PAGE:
While I miss that beautiful opening with my 1970s version (due to evaporation of the top notes), I find it interesting to compare the two versions because changes were clearly made in between that have nothing to do with the top notes. My 1970s bottle is a behemoth in sillage and longevity, as was the Opium that I grew up on and which bewitched a seven-year old child to the point of sneaking in sprays from her mother’s tasselled bottle. (Yes, I was an early bloomer, perfume-wise.) My 1990s version doesn’t create an enormous cloud around me at the start, becomes closer to the skin far more quickly, and doesn’t last as long on my perfume-consuming skin. My 1970s bottle clearly has real animal musk — something now prohibited for cruelty reasons. My 1990s version does not, since I believe that the prohibition against natural musk was in place by then. My 1970s version has real castoreum; I can’t smell much of its leathery undertone in the 1990s version. And the 1990s version has weaker undertones, especially the coconut and vanilla of the middle and final stages. In fact, every note is muted in the 1990s version (which should just tell you how bad the post-2000 versions are).

eBay photo showing a bottle and box identical to my 1990s version with all the swirls.

eBay photo showing a bottle and box identical to my 1990s version with all the swirls.

Perhaps the most immediately obvious difference is the huge chasm regarding the spices and the sandalwood accords. Even in the 1990s, Mysore sandalwood was becoming more scarce, and I think there is significantly less of it in my 1990s version than in the 1970s. But the truly overwhelming thing is in the spices, namely the cloves. A while back, I wrote a post centered on a Reuters article about IFRA, the EU and changes to legendary perfumes that have already been carried out, unannounced, often undetected, and definitely kept secret. Raymond Chaillan, who collaborated on the creation of Opium, told Reuters that his co-creation has hugely changed. One reason:

Clove oil and rose oil, which contain a component called eugenol. [¶]… When it was launched in 1977, the original Opium was full of eugenol and also contained linalool, and limonene found in citruses. In large doses, Eugenol can cause liver damage, while oxidized linalool can cause exzema and prolonged exposure to pure limonene can irritate the skin.

My personal (admittedly biased) response: unless one bathes daily and for hours in gallons of Opium, I can’t see anyone spraying enough of the perfume to cause liver damage! Regardless, judging between my two versions, I can absolutely see a sharp drop in the amount of clove, as well as the roses, in the later perfume. And 1992 was far, far before the IFRA/EU regulations of 2008!

Vintage Opium bottles. Source: "Rizack2" on Fragrantica

Vintage Opium bottles. Source: “Rizack2” on Fragrantica

As a result, in my personal opinion, the best versions of Opium are from the 1980s, as well as any late-1970s bottles made in France, then any early 1990s version. I think that a 1980s version may have the best chance of keeping the top notes and avoiding evaporation, while still having that 1970s concentration. Obviously, though, it always depends on how a particular bottle of perfume was kept. It’s quite possible that a perfectly preserved, sealed 1970s bottle of Opium that was kept in a cool, dark place would be even better! My bottle was not sealed but was in almost pristine condition — and even so, it suffered. (Then again, it is 36 years old!) As for my 1992 bottle, though weaker than anything from the 1970s, it’s still much, much stronger than what followed it. I’ve read that Opium underwent a reformulation in 1999-2000. In fact, according to a poster on a Fragrantica thread, there may even have been another 1990s reformulation back in 1995! (Remember, the companies were continuously reformulating Opium, in secret, as my 1970s bottle demonstrates). The Fragrantica poster, “Andrapi” writes:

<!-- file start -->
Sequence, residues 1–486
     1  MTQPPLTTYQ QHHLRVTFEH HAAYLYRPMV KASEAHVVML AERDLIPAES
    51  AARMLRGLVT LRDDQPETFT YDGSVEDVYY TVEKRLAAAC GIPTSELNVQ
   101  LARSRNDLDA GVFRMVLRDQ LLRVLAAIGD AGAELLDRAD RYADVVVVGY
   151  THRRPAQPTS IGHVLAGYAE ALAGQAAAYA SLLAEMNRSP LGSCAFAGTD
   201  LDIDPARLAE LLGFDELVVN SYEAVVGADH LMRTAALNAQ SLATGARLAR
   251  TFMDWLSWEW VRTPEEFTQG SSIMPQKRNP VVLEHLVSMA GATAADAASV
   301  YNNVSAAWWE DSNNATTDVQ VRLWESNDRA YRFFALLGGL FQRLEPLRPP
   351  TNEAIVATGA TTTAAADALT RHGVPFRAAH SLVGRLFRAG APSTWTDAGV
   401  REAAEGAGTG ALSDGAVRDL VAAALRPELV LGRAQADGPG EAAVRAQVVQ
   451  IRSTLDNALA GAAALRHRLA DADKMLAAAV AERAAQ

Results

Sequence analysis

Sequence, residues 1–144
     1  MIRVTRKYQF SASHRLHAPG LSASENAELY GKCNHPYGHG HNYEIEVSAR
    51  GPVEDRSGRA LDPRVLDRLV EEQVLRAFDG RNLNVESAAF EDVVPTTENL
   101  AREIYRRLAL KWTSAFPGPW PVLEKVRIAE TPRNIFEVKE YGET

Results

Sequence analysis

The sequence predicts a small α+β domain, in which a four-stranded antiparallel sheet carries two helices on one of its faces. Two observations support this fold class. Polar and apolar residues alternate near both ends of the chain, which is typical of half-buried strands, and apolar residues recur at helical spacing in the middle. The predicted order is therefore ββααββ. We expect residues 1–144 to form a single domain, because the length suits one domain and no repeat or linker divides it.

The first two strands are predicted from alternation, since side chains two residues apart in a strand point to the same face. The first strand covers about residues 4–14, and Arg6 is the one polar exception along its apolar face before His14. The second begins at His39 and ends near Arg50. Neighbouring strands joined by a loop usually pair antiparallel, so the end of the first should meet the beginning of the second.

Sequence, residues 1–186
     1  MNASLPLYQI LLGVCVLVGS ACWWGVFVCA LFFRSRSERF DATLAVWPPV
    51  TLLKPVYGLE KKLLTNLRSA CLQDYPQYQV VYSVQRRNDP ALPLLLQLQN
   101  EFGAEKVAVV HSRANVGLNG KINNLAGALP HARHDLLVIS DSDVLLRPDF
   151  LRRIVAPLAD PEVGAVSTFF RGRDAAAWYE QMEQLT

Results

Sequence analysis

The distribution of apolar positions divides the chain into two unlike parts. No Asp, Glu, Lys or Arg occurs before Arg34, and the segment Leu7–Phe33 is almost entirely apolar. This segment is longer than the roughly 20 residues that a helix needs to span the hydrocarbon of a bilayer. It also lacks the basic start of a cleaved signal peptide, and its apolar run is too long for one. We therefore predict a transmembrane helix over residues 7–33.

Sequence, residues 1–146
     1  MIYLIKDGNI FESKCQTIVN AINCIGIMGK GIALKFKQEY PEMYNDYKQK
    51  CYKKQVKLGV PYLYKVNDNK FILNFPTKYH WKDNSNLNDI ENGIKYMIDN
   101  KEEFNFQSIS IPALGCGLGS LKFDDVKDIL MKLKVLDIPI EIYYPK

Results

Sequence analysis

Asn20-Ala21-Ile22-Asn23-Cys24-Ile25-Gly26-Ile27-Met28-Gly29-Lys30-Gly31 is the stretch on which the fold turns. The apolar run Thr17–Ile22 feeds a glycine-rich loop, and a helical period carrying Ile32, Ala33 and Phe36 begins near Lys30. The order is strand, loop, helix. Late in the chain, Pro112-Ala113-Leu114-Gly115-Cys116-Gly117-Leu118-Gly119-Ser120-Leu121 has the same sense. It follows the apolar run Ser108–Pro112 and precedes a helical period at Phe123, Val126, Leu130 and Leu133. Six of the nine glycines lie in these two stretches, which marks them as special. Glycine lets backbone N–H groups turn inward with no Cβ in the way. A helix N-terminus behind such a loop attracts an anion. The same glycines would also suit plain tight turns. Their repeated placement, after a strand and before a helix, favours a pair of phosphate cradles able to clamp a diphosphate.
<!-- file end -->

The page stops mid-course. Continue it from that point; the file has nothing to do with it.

most likely Opium was reformulated in 1999-2000 (as the 99% of fragrances) due to the first wave of so-called “restriction laws”. You can clearly see because the “long-ingredients-list” on the box, became mandatory.

Then; remember before 1995 there was no bar-code : if the box lacks the bar-code, you can date the bottle as a very precious vintage one for sure [.]

More: during years 1995-2004 Saint Laurent batched its perfumes with 4-numbers code on the box and 5-numbers (the previous ones plus “1”) code on the bottom of the bottle (example: on the box 6321, on the bottle 63211. This means: 1996)

Since 2005 to 2011: 1 number plus 3 letters, both on box and bottles (example 7HAA , this means 2007).

The bastard eunuch version of Opium that is currently on the market. Note the lack of swirls in the glass on the bottle, and the very big difference in the box.

The bastard eunuch version of Opium that is currently on the market. Note the lack of swirls in the glass on the bottle, and the very big difference in the box.

So, let’s say you’re interesting in vintage Opium and are willing to brave the wilds of eBay to get one. How can you tell it’s vintage? Well, if you’re looking to purchase the glass EDT bottles, the best way to tell is by the swirls on the bottle. The new, castrated formulation has hardly any swirls in the glass, as compared to the original one. The box is also hugely different, losing its golden leaves just as the perfume has lost its notes and potency. There are a few threads on the matter at Fragrantica which might help you, starting with this one (which is where I obtained that photo of the three, vintage, glass, EDT bottles shown up above). An even more extensive thread, showing a ton of different bottles, from the pure parfum to various flankers can be found here (in that previously quoted Fragrantica thread).